Disruptive technological forces are reshaping the logistics industry in ways that are profound and unprecedented. And industry players, faced with the constant challenge of addressing rapidly evolving consumer needs and interests, have not been shy about embracing them.
Among the major tech-fueled shifts in the industry is toward automation. According to a 2016 report by the professional services firm PricewaterhouseCoopers (PwC), some of the industry’s labor-intensive processes, from warehousing to last-mile delivery, were already being fully or partially automated.
“Automated solutions in the warehouse are already being implemented and their level of sophistication is increasing. For example, automated loading and unloading systems are already available, but in the future these are likely to be able to bypass obstacles and adjust routes automatically. Advances in data processing and optics now allow tasks to be automated which were once thought too complex — like trailer loading and offloading at acceptable speeds,” the report said.
Meanwhile, the report said package delivery could actually make more use of automation, particularly through delivery drones and autonomous vehicles. “Google has already started working on self-driving lockers and the trucking industry is partnering with OEMs on partially automated truck convoys. Even if more radical solutions are a long time coming, other technologies which could make drivers more efficient are in the offing too, like augmented reality solutions that give drivers more information about their environment and the packages still on board,” it said.
An article published on the Web site of Innovation Enteprise, a business media company, said that the online retail giant Amazon’s experimentation with drone-based delivery services is “an awesome idea because drones and unmanned aerial vehicles offer incredible potential in this regard if only because they can provide a variety of economic and environmental benefits.”
A large number of transports and ground vehicles would disappear from roads if there was a major shift to aerial delivery, the article noted, and this would provide benefits like reduced traffic buildup, reduced costs associated with ground-based transportation and reduced greenhouse gas emissions.
The article also touched on another important tech trend in logistics: the Internet of Things or IoT. “IoT is often associated with consumer-level devices such as smart home technology. While it definitely has its place in that market, there are enterprise-level applications of the technology already in use. In manufacturing and development, for example, IoT sensors are used to monitor and maintain expensive equipment,” it said.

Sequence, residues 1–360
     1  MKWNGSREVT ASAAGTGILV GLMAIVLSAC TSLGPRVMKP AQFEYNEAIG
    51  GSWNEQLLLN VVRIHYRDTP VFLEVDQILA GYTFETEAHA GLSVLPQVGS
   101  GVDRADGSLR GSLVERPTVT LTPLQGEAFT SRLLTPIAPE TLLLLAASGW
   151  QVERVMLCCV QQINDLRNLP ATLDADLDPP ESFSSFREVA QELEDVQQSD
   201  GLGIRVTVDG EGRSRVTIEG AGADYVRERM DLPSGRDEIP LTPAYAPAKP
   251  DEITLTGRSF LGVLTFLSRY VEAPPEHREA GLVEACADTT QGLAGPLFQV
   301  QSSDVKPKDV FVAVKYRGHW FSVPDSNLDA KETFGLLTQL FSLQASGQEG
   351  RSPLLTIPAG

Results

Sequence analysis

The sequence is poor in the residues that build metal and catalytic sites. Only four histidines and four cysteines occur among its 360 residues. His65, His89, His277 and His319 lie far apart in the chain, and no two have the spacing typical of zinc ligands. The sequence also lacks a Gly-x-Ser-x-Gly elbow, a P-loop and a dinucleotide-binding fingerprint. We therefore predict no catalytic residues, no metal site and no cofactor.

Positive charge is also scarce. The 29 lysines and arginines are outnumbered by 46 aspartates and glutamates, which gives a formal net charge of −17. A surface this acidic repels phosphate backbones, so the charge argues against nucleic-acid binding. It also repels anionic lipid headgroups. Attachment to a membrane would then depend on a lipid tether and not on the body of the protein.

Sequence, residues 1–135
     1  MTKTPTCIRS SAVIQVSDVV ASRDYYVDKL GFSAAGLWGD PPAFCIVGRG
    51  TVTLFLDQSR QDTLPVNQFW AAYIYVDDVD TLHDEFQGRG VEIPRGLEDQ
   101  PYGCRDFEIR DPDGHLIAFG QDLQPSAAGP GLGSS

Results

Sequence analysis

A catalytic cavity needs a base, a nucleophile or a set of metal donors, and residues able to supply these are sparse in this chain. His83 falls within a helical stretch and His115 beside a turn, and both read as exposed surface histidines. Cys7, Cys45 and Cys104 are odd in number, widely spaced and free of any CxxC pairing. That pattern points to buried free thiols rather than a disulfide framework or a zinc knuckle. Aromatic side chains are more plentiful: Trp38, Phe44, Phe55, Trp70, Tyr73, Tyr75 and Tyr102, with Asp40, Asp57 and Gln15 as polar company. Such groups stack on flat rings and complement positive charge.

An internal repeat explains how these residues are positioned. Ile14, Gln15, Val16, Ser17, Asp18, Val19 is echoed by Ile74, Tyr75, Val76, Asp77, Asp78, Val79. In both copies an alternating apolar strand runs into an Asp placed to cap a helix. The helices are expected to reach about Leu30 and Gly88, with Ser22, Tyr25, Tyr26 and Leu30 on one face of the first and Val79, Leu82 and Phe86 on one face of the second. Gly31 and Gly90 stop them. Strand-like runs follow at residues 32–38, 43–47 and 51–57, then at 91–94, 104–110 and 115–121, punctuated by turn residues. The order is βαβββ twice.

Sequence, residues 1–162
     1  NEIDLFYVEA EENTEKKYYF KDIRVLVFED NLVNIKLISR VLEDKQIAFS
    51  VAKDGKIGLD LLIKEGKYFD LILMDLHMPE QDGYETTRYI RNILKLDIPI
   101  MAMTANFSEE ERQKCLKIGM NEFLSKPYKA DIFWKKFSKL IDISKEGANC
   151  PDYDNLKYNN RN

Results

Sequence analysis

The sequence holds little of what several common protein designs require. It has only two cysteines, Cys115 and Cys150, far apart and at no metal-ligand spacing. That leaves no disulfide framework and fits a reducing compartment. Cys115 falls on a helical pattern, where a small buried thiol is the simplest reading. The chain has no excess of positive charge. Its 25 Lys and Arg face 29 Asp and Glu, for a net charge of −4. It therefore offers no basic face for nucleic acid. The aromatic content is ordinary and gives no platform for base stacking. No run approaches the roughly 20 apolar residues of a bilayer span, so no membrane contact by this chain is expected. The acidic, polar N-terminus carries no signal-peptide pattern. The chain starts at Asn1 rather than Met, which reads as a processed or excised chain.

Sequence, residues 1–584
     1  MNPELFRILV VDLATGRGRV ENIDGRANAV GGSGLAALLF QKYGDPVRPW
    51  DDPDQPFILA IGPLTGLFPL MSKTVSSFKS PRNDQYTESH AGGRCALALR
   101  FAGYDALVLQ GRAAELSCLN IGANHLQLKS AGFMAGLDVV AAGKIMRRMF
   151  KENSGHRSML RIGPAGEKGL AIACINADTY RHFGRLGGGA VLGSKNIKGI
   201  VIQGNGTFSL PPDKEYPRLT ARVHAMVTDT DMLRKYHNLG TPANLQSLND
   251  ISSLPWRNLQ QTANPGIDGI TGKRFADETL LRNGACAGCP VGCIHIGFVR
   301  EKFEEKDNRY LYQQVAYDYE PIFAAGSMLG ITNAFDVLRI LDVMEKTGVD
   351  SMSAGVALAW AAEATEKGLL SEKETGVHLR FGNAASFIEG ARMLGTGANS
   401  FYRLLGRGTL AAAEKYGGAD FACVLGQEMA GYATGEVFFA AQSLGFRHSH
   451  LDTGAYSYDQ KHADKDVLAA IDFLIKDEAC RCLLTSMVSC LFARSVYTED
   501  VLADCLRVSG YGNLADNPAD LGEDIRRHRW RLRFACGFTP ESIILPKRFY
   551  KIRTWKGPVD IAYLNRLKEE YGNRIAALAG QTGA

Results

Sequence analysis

In logistics, meanwhile, IoT sensors and devices can be deployed by companies in order to have a more connected production floor that gives real-time alerts and updates, the article said. It added, “But these devices are also leveraged across the entire supply chain. Imagine enhancing in-transit visibility, being able to track entire shipments along every minute of their full route. Suddenly, equipment and employee monitoring are also possible much like you’d see in a modern fleet thanks to real-time GPS systems. The difference is, of course, you’re tracking goods, equipment and people with a great amount of detail.”
Then there are predictive maintenance solutions. According to a 2019 PwC report, they have compelling benefits, including cost reduction. “Predictive maintenance helps reduce downtime and allows companies to use their equipment without breaks. Moreover, regular periodic maintenance is a waste of money if the assets are in good condition,” it said.
It also helps improve the quality of service, the report added, by stabilizing delivery times and ensuring that a company’s entire fleet is not only available but also ready to work at full capacity. Even the environment can benefit from predictive maintenance. “Better maintenance has a positive impact on environment and waste management. Sub-optimal operation is spotted, allowing machines to be used for longer times, resulting in savings in raw materials and natural resources,” the report said.
Even blockchain and distributed ledger technologies are starting to make an impact on the logistics industry. They offer four advantages: security (End-to-end product identification and auditability while maintaining privacy with hash keys); efficiency (Reduced need for document processing); transparency (Easier and reliable tracking and source checking); and reliability (Once a piece of information is put into the network it cannot be easily changed).
“Overall, companies from the transportation and logistics sector tend to value blockchain-based solutions for the possibility to create internally robust, transparent and secure systems that allow them to deliver higher service levels at a lower cost,” the report said. However, the report also emphasized, “Blockchain, and in the wider sense all distributed ledger technologies, are expected to have a moderate influence on all T&L segments, with effects visible in three years’ time at minimum.”